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terms for general phrases and more specific phrases confirmingattesting to them

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terms for each member of a setgeneral phrases and for the descriptor of a setmore specific phrases confirming them

Every piece of equipment in the tarmac had some failureEvery piece of equipment on the tarmac had some failure: some boarding stairs were missing stairssome boarding stairs missed some stairs, some carts had no wheelssome carts had no wheels, and some aircraft had no enginessome aircraft had no engines.

There was some disorder in the class: some students were chatting, some were doing the homework, and yet some were sleeping at their desks.

In general, people were not happy: some were merely stern, some were resentful and some were almost mad.

Mammals are those animals that feed their young with milk: cows, tigers, dogs, rabbits.

What would be the idiomatic terms hereterm for each of the statement preceding the colon ("Every piece of equipment had some failure"in the examples above, each such statement is put in italics) and for the each of the following threephrase separated by commas (put in bold)?

terms for each member of a set and for the descriptor of a set

Every piece of equipment in the tarmac had some failure: some boarding stairs were missing stairs, some carts had no wheels, and some aircraft had no engines.

What would be the idiomatic terms here for the statement preceding the colon ("Every piece of equipment had some failure") and for the following three separated by commas?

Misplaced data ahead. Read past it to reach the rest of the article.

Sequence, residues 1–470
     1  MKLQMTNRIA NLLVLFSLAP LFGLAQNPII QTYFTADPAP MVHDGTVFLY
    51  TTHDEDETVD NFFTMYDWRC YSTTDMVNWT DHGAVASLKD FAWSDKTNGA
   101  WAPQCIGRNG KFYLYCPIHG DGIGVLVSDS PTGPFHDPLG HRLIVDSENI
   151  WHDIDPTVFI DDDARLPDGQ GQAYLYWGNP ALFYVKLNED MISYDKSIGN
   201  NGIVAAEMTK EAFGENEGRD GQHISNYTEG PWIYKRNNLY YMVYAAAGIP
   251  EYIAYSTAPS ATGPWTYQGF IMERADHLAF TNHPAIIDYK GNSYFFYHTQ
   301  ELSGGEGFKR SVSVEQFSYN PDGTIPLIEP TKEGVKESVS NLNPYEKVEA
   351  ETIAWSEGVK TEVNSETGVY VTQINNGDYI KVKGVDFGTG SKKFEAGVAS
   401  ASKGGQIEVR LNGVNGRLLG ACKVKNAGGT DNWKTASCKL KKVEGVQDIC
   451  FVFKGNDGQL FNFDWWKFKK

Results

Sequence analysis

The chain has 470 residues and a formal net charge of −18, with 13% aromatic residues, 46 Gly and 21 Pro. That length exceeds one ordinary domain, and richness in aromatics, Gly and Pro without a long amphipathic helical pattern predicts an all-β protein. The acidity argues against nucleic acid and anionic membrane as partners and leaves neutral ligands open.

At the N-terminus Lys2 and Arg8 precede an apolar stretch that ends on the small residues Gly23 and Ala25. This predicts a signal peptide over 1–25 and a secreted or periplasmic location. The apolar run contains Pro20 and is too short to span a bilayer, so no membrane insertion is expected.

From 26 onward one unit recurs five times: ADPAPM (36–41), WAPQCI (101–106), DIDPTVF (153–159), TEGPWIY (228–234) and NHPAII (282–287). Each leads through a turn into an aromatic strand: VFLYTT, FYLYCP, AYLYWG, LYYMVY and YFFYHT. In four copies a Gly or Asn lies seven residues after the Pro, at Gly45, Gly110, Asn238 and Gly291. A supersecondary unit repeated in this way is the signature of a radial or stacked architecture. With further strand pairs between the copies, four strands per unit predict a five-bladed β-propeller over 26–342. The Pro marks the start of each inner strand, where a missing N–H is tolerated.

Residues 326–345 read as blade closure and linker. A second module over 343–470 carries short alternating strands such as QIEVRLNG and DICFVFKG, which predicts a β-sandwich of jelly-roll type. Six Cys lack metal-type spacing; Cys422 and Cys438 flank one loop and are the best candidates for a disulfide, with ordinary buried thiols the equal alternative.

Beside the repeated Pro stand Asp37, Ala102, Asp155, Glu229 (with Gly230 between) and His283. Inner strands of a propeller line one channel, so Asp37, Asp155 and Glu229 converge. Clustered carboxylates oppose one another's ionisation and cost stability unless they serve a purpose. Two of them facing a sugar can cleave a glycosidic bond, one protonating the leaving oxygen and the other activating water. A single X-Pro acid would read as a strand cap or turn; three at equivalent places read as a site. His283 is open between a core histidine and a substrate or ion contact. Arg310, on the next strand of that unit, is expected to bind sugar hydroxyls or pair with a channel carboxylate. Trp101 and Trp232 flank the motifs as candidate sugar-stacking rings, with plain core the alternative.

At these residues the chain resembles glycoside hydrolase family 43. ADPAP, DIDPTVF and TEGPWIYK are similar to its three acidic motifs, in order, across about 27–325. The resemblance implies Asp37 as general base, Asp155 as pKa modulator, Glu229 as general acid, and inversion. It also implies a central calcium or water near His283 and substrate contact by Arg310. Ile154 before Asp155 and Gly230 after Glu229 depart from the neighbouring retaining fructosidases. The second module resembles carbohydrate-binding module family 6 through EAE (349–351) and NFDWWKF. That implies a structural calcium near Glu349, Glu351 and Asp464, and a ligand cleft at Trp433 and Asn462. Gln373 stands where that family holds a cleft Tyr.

terms for general phrases and more specific phrases confirming them

Every piece of equipment on the tarmac had some failure: some boarding stairs missed some stairs, some carts had no wheels, and some aircraft had no engines.

There was some disorder in the class: some students were chatting, some were doing the homework, and yet some were sleeping at their desks.

In general, people were not happy: some were merely stern, some were resentful and some were almost mad.

Mammals are those animals that feed their young with milk: cows, tigers, dogs, rabbits.

What would be the idiomatic term for each of the statement preceding the colon (in the examples above, each such statement is put in italics) and for the each of the following phrase separated by commas (put in bold)?

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Every piece of equipment in the tarmac had some failure: some boarding stairs were missing stairs, some carts had no wheels, and some aircraft had no engines.

Every piece of equipment in the tarmac had some failure: some boarding stairs were missing stairs, some carts had no wheels, and some aircraft had no engines.

What would be the idiomatic terms here for the statement preceding the colon ("Every piece of equipment had some failure") and for the following three separated by commas?

Every piece of equipment in the tarmac had some failure: some boarding stairs were missing stairs, some carts had no wheels, and some aircraft had no engines.

What would be the idiomatic terms here for the statement preceding the colon ("Every piece of equipment had some failure") and for the following three separated by commas?

Every piece of equipment in the tarmac had some failure: some boarding stairs were missing stairs, some carts had no wheels, and some aircraft had no engines.

What would be the idiomatic terms here for the statement preceding the colon ("Every piece of equipment had some failure") and for the following three separated by commas?

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